Sunday, January 3, 2016

PIE CHART IN THE SKY

I've been going through various Dynamo tutorials that have been sitting patiently on my hard drive waiting for me to finally "find the time"  I enjoyed building this simple graph that throws out a range of numbers, uses them to place points in a row and then wiggles one of those rows by feeding a sine wave into the Y axis.



One way to check if you absorbed an idea is to reapply it to a slightly different situation, so I turned the whole thing on its side and wiggled both rows to create a rippling surface.  This is all done with Dynamo running on top of a conceptual mass family: Point World, because I'm using points.



So when you switch off Dynamo, or save out the family to an RFA, you end up with a frozen wiggly surface, which you can use for "Roof by Face" and of course you can go back to Dynamo any time to thaw out your surface and use the sliders to quickly generate multiple variants.  In this case I have six active sliders, including different amplitude controls for left and right. 



I think I forgot to put in a width slider, but that could be added.  Maybe I should do a "node to code" while I'm at it and produce a black box with 7 input sliders and a single output.  But instead I got carried away with the resemblence to the little school house that Gaudi built in the corner of the Sagrada Familia building site.  This is not it, but rather a fantasy building inspired by the same idea.


Just before the weekend began I was talking to one of my good friends in the office, a young Egyptian architect with a passion for design, and we chewed over a concept for a tower built with modular units that seem to converge from all points of the compass and stack themselves up into a digital ant-hill.  It seemed like an interesting challenge for a dynamo novice like myself.


I started with the function that Zach used in the session I attended at AU.  He used it to make a truss.  I want to thread beads along a string.  First step is to test out that concept.  It's easy enough, and the family doesn't have to be Point World based.  This is a Generic Model starter family that I use to save a bit of time setting up reference planes and parameters: just a box.  Draw a curve directly in Revit.  Select it and press run, you get a row of beads which responds to a slider controlling   how many there are.  (0..1..#divisions)  Pretty much like using Normalised Curve Parameter and a Repeater in Point World, but the repeated element doesn't have to be an Adaptive Component.


Next we have to flip this into the vertical plane, then use a more complex curve.  A point-based spline in this case.  In fact let's have 2 or 3 of them converging on the family origin and shooting up vertically like the graph of human social development that we all know and love.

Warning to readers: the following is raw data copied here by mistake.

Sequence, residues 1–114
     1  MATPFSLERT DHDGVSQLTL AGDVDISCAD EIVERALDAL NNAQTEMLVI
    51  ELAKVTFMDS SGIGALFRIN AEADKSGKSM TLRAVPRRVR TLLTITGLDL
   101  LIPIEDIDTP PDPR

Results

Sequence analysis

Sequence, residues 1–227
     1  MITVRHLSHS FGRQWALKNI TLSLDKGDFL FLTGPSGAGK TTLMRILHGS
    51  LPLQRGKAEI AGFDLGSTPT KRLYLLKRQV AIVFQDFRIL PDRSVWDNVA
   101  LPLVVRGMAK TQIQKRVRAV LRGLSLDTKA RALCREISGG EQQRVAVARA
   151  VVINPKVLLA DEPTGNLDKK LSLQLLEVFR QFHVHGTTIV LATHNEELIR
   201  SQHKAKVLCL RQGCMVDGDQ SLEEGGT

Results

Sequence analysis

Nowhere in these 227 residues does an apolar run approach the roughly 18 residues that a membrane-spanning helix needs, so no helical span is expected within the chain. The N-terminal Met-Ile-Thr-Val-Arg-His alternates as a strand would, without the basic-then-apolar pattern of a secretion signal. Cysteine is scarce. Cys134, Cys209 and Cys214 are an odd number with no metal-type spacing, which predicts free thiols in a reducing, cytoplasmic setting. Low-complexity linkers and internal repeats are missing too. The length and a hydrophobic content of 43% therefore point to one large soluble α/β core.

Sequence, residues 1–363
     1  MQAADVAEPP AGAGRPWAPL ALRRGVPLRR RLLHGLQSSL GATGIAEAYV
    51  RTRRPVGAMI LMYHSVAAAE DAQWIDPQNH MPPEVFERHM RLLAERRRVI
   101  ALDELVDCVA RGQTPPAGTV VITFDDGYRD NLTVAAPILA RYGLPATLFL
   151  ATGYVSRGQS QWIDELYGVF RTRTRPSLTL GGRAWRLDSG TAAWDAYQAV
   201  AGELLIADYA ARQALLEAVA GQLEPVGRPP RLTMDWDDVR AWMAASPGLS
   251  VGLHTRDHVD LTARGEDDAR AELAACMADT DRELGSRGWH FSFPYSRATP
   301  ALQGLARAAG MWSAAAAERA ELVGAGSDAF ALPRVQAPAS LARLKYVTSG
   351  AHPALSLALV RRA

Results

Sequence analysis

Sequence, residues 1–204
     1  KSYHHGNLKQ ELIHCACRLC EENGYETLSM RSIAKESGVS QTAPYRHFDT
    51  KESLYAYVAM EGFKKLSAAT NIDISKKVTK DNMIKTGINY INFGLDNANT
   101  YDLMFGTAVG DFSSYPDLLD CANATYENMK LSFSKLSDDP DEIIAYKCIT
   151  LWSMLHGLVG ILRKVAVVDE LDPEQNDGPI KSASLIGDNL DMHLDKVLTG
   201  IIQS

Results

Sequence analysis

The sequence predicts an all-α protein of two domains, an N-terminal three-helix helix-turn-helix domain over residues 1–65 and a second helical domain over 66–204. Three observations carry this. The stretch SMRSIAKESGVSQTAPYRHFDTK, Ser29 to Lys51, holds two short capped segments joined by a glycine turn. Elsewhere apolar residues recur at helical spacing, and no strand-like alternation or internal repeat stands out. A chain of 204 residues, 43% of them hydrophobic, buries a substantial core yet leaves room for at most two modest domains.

Problem is, I can only select one curve at a time.  Even if I duplicate the whole arrangement, it only seems to deal with one output at a time. 


There may be other solutions to this (for all I know, which isn't much) but the one I blundered into involves making a list.  I have it on good authority that lists are "huge" so that felt like a mini breakthrough.  Flatten the list to turn it back into one long stream, and it will go back into the "string of beads" routine not caring a wit that it is jumping from spline to spline every 20 items or so.


I need more splines, so the graph starts to bulk up a bit.  Lists don't care right ?  Just keep adding another index.  And it's starting to look like a thing.  Except that I would like the modules to vary in their orientation, even if they just alternated.  I can make a second type that switches width and length around.  But how to tell me list to alternate between the two ?


I'm pretty sure there is a better way to do this, but I came up with generating a list of families that's at least as long as my list of locations.  You can add in a couple of "count" nodes to keep track of the numbers.  How do you turn two "select" nodes into a massive alternating list.  I ran some tests first.  Start with 4 then do a list of lists to get 16.  That worked fine with ten items to place.



So I made a big lists of lists, 4 x 4 x 4 x 4 = 256, then flattened it.  I'm sure someone is wincing out there, but that's OK, it works but feel free to send me a better solution, it's all about learning at present.


I added a void to make my module slightly more house-like, plus a couple of hand-placed custom types to represent plint and core elements.  That's not bad.  Worth sharing with my mate Islam in fact.  Who sounded suitably impressed, but then you have to be polite on the social media.